Hygiene matters!

19 November 2020

The coronavirus (COVID-19) emergency has highlighted the importance of adopting correct hygiene measures.

FOR THE annual events “World Hand Hygiene Day” (on 5 May) and “Global Handwashing Day” (on 15 October), Sofidel has prepared hygiene tips with the help of Professor Fabrizio Pregliasco, a virologist from the University of Milan and Medical Director of IRCCS Galeazzi (Scientific Institute for Research, Hospitalisation and Health Care).

The shower

Showering is certainly more practical and faster than taking a bath. In addition to being environmentally-friendly because it saves water (a normal bath contains about 160 litres of water, while a five-minute shower consumes between 75 and 90), showering is also health-friendly. According to a study carried out by the Department of Microbiology of A&M University in Texas, bath water can become a breeding ground for several types of bacteria: in 95% of cases these are faecal bacteria, in 81% fungi and in 34% staphylococci, the most dangerous of all.

Public transport 

Public transport is where germs have a field day. But perhaps what we don’t know is that the vast majority of these germs are harmless. According to research by the Harvard T.H. Chan School of Public Health, the handrails, seats and touchscreen where we automatically purchase tickets are populated by thousands of billions of microbes, which surprisingly are not actually dangerous for humans. So, holding on to handrails is actually no more dangerous for your health than a normal handshake. In any case, once you reach the office, make sure to pass by the WC to wash your hands before starting work. If that is not possible, you can use a hand sanitising gel: there are lots of different ones available now, including smaller sizes for your handbag. These products can kill up to 90% of bacteria, although washing with soap and water will always be the best solution.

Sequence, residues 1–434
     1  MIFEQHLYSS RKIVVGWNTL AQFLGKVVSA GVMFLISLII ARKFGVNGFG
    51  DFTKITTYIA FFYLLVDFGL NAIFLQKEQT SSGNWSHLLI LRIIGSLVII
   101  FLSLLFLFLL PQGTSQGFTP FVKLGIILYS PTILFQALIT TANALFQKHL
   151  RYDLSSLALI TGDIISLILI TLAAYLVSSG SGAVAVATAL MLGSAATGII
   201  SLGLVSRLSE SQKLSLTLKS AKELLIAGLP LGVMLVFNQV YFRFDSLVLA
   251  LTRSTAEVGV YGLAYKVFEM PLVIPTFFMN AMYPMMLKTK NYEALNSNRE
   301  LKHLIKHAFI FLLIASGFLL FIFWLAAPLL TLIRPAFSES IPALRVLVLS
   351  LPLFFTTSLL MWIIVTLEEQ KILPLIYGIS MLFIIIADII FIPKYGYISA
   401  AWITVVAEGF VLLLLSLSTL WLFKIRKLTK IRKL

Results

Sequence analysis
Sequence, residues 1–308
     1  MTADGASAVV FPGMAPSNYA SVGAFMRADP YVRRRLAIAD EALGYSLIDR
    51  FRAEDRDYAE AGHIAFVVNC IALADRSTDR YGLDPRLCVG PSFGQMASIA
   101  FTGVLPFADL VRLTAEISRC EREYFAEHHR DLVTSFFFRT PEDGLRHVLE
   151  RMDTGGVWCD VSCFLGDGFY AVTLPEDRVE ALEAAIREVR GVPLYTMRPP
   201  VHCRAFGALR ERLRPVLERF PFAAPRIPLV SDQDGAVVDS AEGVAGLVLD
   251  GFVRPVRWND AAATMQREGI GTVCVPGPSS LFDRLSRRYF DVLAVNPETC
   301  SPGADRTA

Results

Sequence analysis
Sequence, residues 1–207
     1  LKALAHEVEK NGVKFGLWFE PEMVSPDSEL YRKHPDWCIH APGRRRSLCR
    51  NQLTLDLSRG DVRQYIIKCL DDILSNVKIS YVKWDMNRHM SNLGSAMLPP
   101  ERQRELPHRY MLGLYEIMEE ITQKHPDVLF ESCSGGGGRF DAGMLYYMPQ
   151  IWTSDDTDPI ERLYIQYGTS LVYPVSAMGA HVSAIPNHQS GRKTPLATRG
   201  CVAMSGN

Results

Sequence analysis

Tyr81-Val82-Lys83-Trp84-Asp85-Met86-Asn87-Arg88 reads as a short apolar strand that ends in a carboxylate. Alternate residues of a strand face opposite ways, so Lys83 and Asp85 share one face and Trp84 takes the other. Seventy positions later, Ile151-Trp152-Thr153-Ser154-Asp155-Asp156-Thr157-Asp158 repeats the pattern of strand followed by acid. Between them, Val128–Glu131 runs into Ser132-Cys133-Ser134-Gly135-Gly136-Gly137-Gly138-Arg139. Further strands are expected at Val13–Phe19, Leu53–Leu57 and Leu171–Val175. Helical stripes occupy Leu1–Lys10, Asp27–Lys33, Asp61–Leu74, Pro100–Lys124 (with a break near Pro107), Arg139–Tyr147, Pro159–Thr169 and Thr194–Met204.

In the office 

Computers, phones and mobiles are indispensable. But do you ever clean them? An American research study (Prof. Beamer and C. Gerba) shows that these tools are genuine hot beds for bacteria: a mouse has an average of 260 bacteria per cm2, a keyboard has 511 and the mouthpiece of a telephone has an impressive 3,895! To avoid these bacteria, all you have to do is clean the device with a disinfectant wipe or spray. But if the devices we use every day are so full of bacteria, what will we run into on the dreaded toilet seat in the office? Only eight bacteria per cm2!

Public toilets

Being afraid to sit on the toilet seat is totally unnecessary, you only need to avoid one if it’s visibly dirty. Don’t touch the toilet seat with your hands and if you really can’t resist giving it a pre-cleaning then use a disinfectant wipe. But toilet seat covers are totally unnecessary and give a false sense of safety. In reality the most effective protection is in fact our skin: it is the largest organ in the human body (weighting 5 kg of weight and covering 1.5-2 m2 of surface area) and acts as a protective barrier against the outside. Once you’ve finished using the toilet, close the lid (using clean toilet paper) or leave immediately after having flushed the toilet to avoid inhaling the aerosol produced by the jet of water, which may contain faecal bacteria. Once outside, wash your hands well and, if possible, use disposable paper towels instead of the electric dryer: its air jet actually increases the number of bacteria present on the hands up to 40 times after drying and can potentially spread contamination to other users. To preserve the hygiene of your just-washed hands, we recommend turning off the tap and opening the toilet door using a paper towel as a barrier.

A germ-free lunch

You’ve reached the mid-way point of your working day and it’s time for your lunch break. As well as washing your hands before and after eating, always put a disposable placemat on top of your food tray so that the cutlery and food does not come into contact with the tray’s surface, which is often washed half-heartedly. Favour packaged cutlery to those distributed in containers where everyone puts their hands and take a disposable paper napkin if one is available. Dishes, glasses, and cups should instead be “germ-free’ because they have been washed in dishwashers at temperatures above 40°. If you prefer to pack your own lunch, pay attention to where you eat: away from your desk, possibly on a surface that’s been previously cleaned and disinfected and in any case by placing the container on a clean paper towel.

And finally...
The last rule: Washing your hands is the simplest, most immediate and certainly the most significant way to combat the transmission of infections.

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